The National Focal Points meetings for LDCs and SIDS provide dedicated fora to facilitate exchange of experience, peer and mutual learning in connection with the SDGs and programmes of action. UN-OHRLLS will continue to organize more targeted annual meetings, which will continue to provide an opportunity for NFPs to share experiences and best practices on mainstreaming the SAMOA Pathway and SDGs into national development processes as well their implementation and follow up, network, and better understand existing means of implementation, including viable financing and business models in response to the gaps and challenges, and call for action and to ensure coherence at the local, regional and global levels.
8. Is there any other information you would like to share, including annual reports of your organization and any impact assessment or evaluation reports? If yes, please use the space below and attach the document(s). Please also use this space to provide any other information, comments or remarks you deem necessary.
UN-OHRLLS has prepared the following reports related to SDG implementation:
• State of Least Developed Countries 2016: Coherence and synergies between the IPoA and the 2030 Agenda, see: http://unohrlls.org/custom-content/uploads/2016/08/State-of-LDCs2016.pdf • State of Least Developed Countries 2017: Financing the SDGs and IPoA for LDCs, see: http://unohrlls.org/custom- content/uploads/2017/09/Flagship_Report_FINAL_V2.pdf
• State of Least Developed Countries 2018: Reducing vulnerabilities and strengthening resilience in LDCs, see: http://unohrlls.org/state-of-ldcs-2018/ • Economic impact of broadband in LDCs, LLDCs and SIDS (with ITU), see: http://unohrlls.org/custom- content/uploads/2019/09/Economic-impact-of-broadband-in-LDCs-LLDCs-and-SIDS.pdf • Promoting Investment for Energy Access in Least Developed Countries, see: http://unohrlls.org/custom- content/uploads/2017/10/Promo-Energy_10_10_2017_FINAL_LowResF.pdf
• Encouraging Sustainable Foreign Investment to the LDCs: Options for Support (Occasional Policy Paper Series on the LDCs, No 3), see: http://unohrlls.org/custom-content/uploads/2018/11/Occasional-paper-No-3.pdf
• Review of Progress made in structural economic transformation in Euro-Asian landlocked developing countries (LLDCs), see http://unohrlls.org/custom-content/uploads/2020/02/Review-of-Progress-made-in-structural-economic-transformation-final-24-Oct.pdf
• Improving transport connectivity, international trade and trade facilitation for LLDCs in Euro-Asia region, see http://unohrlls.org/custom-content/uploads/2020/02/VPoA_MidtermReview_FinalReport_TransportConnectivity-24-Oct.pdf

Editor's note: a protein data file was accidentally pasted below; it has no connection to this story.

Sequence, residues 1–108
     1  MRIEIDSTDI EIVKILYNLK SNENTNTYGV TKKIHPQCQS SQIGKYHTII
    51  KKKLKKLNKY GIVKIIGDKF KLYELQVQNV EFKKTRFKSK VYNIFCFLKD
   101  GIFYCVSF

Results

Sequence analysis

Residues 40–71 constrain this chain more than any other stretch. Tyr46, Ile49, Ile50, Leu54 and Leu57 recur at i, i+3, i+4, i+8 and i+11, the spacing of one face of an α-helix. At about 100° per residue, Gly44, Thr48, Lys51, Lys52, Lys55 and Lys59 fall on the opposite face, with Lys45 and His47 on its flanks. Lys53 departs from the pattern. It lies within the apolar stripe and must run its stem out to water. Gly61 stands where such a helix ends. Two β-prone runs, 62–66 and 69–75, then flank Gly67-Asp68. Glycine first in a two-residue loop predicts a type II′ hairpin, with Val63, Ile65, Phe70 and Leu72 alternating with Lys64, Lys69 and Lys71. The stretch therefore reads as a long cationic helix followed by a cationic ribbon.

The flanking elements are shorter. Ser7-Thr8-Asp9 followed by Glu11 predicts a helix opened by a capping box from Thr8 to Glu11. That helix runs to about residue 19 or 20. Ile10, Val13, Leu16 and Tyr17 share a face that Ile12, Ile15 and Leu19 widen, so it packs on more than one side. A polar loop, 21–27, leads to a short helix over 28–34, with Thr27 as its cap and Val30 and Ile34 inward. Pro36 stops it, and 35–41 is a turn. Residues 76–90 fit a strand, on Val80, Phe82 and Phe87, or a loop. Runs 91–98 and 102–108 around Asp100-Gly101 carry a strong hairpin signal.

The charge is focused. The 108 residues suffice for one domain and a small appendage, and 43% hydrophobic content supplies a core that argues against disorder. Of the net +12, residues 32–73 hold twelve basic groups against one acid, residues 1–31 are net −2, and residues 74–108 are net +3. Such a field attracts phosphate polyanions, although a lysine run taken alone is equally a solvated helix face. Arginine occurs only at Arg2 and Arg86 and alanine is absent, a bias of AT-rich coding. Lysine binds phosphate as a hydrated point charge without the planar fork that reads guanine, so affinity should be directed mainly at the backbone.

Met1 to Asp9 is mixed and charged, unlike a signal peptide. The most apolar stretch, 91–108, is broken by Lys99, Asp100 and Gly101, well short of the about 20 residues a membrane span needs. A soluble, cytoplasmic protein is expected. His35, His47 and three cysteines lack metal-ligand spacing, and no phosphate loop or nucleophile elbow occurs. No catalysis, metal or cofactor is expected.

• Improving Transport Connectivity for LLDCs and the Status of Implementation of the Vienna Programme of Action in the Africa Region, see http://unohrlls.org/custom-content/uploads/2020/02/Background-Report-VPOA-Africa-Region-20-April-2019.pdf
• Mid term Review of the implementation of the Vienna Programme of Action for the LLDCs for the Decade 2014-2024 in Latin America and the Caribbean, see http://unohrlls.org/custom-content/uploads/2020/02/Background-Report-VPOA-LatinA-Region-20-April- 2019.pdf • Achieving Sustainable Transport in Landlocked Developing Countries, see http://unohrlls.org/custom- content/uploads/2017/06/Transport-in-LLDC-Report-FINAL_June-22_2017_High.pdf • Climate and post-shock concessional finance in SIDS. http://unohrlls.org/custom-content/uploads/2018/11/SIDS_Report_Climate- and-Post-Shock-Concessional-Finance.pdf
• SMALL ISLAND DEVELOPING STATES IN NUMBERS UPDATED CLIMATE CHANGE. Ehttps://unohrlls.org/custom- content/uploads/2017/09/SIDS-In-Numbers_Updated-Climate-Change-Edition-2017.pdf
9. In your view, what should strategic directions look like for the UN system in support of the 2030 Agenda and SDGs in the Decade of Action? What key elements should they include and what major challenges should they address?
A strategic plan for the UN system in support of the 2030 Agenda and SDGs should define principles and steps through which the system will support awareness raising, implementation, monitoring, follow up and review of these global agendas. It should also underline how the UN system will realign its policy advice and technical and operational activities in support of the achievement by countries of aspirations set in the 2030 Agenda.
Key elements of UN support for LDCs, LLDCs and SIDS in the Decade of Action should include the following:
• a concerted effort to ensure access to tailored financial support;
• restructuring economies with stronger focus on green economies,
• identifying new sources of growth for countries left behind,
• enhancing social protection floors, with stronger interlinkages between health, education and social justice.
10. Please suggest one or two endeavours or initiatives that the UN system organizations could undertake together to support the implementation of the SDGs between now and 2030.
Staying true to the principle of "leaving no one behind" requires that the most vulnerable countries—which are the farthest behind and have the least capacities to implement the SDGs—be given due attention. The UN analytical, technical and operational activities should prioritize these countries.
Mutual accountability and effective implementation of the 2030 Agenda and the SDGs rest on effective, inclusive and credible monitoring, follow-up and review mechanisms at all levels. UN system organizations should support putting these mechanisms in place and ensure that they operate effectively.
Thus, key reports by UN system organizations on the implementation of the various SDGs should monitor the progress made and explicitly analyze the specific challenges, LDCs, LLDCs and SIDS are facing with respect to making sufficient progress and make concrete recommendations on what additional support they will need.
The UN system could work together to enhance the capacity of the LDCs, LLDCs and SIDS in critical areas where they are lagging behind and where there are gaps. This could include for example more coordinated technical assistance support from the UN system to LLDCs towards building capacity for mobilizing resources for necessary transport infrastructure development, given that transport is a cross-cutting driver of many SDGs.
In addition, the UN system could focus on energy access in LDCs, LLDCs and SIDS and showcase how countries can be lifted from energy poverty with coordinated and increased support from the UN-system.